Multiple primary melanoma incidence trends over five decades, a nation-wide population-based study

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Abstract

BACKGROUND: Over the past decades many regions have experienced a steady increase in the incidence of cutaneous melanoma. Here, we report on incidence trends for subsequent primary melanoma.

METHODS: In this nationwide population-based study, patients diagnosed with a first primary cutaneous melanoma reported to the Swedish Cancer Registry, were followed for up to ten years for a diagnosis of subsequent primary melanoma. Patients were grouped with patients diagnosed with first melanoma in the same decade (1960s, 1970s, 1980s, 1990s and 2000s, respectively). Frequencies, incidence rates (IRs), standardized incidence ratios (SIRs) and 95% confidence intervals (CIs) for second melanomas were calculated. All tests of statistical significance were two-sided.

RESULTS: 54,884 patients with melanoma were included and 2,469 were diagnosed, within ten years, with subsequent melanomas. Over the five decades there was a statistically significant steady increase in the frequency, IR and SIR for second primary melanoma. For example, in the 1960s cohort, <1% (1.0 (95% CI = 0.5-1.7) and 1.1 (95% CI = 0.5-1.9) per 1,000 person-years in women and men, respectively) had second primary melanoma and this rose to 6.4% (7.5 (95% CI = 6.8-8.3) per 1,000 person-years) in the women and 7.9% (10.3 (95% CI = 9.3-11.2) per 1,000 person-years) in the men in the 2000s cohort. This rise was seen, independent of age, sex, invasiveness or site of the melanoma. Further, in patients diagnosed with a second melanoma, the frequency of those having >2 melanomas increased statistically significantly and was 0.0% in the 1960s and rose to 18.0% in the 2000s (P <.001).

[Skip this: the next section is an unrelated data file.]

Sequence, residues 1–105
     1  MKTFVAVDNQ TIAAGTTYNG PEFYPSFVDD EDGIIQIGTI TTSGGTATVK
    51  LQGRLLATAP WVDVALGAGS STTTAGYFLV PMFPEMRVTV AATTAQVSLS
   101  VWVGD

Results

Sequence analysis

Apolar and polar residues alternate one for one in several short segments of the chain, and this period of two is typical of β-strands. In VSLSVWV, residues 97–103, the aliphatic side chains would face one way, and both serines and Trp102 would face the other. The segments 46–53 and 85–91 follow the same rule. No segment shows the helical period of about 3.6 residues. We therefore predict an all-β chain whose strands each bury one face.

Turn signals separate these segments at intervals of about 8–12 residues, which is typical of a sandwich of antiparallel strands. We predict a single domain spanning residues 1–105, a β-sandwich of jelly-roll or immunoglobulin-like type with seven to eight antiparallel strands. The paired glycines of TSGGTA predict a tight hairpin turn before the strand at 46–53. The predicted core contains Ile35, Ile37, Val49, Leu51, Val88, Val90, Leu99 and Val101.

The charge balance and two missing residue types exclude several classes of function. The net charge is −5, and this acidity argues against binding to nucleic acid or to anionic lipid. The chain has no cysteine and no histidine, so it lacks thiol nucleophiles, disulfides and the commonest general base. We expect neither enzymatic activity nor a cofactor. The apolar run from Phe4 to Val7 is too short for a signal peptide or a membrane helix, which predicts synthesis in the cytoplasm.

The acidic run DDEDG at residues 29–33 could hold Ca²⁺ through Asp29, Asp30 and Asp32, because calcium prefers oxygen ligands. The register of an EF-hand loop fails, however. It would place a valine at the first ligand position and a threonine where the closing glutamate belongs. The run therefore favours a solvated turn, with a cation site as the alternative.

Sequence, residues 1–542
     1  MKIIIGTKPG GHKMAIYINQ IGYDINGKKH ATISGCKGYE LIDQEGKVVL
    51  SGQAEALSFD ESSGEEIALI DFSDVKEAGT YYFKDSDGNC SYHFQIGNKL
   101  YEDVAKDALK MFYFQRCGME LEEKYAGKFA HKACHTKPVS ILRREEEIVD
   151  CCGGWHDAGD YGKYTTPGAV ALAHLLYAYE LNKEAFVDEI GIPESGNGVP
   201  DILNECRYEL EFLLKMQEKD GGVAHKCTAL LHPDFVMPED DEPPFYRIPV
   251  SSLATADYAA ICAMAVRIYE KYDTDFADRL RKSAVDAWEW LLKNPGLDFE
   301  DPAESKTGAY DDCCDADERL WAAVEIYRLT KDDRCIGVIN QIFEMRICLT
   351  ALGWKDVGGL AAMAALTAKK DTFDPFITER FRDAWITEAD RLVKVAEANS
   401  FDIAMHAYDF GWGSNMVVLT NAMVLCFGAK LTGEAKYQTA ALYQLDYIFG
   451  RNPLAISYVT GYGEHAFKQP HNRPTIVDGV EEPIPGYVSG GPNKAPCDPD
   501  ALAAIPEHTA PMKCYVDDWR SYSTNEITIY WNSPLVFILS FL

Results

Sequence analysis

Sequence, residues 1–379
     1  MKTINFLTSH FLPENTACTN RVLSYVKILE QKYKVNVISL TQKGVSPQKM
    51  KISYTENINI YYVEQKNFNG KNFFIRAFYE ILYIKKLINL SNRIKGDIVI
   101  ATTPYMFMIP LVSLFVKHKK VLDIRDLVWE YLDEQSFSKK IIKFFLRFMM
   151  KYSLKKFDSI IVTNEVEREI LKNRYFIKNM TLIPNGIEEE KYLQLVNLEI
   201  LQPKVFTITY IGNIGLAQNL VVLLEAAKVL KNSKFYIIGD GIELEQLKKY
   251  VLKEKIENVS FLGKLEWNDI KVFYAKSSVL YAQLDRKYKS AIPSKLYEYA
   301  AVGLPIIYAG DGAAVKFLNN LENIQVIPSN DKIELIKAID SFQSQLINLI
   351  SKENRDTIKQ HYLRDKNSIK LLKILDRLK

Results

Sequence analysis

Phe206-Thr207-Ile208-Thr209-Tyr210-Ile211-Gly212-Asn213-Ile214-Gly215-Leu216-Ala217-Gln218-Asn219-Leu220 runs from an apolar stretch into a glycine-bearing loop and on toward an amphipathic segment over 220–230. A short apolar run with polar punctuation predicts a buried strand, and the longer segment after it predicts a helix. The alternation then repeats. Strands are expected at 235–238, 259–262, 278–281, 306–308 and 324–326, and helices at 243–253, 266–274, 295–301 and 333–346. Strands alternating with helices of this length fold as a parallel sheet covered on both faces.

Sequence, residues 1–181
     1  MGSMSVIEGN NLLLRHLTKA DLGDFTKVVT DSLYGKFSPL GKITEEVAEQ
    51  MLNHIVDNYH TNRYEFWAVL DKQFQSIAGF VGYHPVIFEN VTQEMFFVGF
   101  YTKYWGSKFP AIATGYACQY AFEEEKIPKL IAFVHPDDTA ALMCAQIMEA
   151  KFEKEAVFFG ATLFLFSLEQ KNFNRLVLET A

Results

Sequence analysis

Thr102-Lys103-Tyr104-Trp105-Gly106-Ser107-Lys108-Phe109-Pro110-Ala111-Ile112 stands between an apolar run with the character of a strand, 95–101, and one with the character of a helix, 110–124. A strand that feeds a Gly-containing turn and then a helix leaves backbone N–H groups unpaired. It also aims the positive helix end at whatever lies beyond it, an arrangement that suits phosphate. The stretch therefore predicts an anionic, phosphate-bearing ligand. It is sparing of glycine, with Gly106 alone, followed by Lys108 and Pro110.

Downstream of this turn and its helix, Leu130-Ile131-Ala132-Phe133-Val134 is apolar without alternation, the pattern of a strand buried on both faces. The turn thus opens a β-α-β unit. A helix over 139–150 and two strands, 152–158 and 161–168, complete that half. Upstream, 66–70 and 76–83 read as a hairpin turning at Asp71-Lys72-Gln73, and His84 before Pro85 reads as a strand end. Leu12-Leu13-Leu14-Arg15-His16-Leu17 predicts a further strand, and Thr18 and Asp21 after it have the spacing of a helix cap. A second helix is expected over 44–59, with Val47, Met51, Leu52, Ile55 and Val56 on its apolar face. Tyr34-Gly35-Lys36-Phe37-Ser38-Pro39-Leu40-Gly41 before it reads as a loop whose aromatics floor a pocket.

CONCLUSIONS: This is the first study to evaluate and report on a rising trend for subsequent primary melanoma. Additional primary melanomas worsen the patients' survival and precautions are needed to turn this steep upgoing trend.

Details

Authors
Organisations
External organisations
  • Skåne University Hospital
  • Central Hospital Kristianstad
  • Karolinska Institutet
  • Karolinska University Hospital
  • University of Leeds
Research areas and keywords

Subject classification (UKÄ) – MANDATORY

  • Cancer and Oncology
  • Public Health, Global Health, Social Medicine and Epidemiology
Original languageEnglish
JournalJournal of the National Cancer Institute
Publication statusE-pub ahead of print - 2020 Jun 24
Publication categoryResearch
Peer-reviewedYes

Bibliographic note

© The Author(s) 2020. Published by Oxford University Press.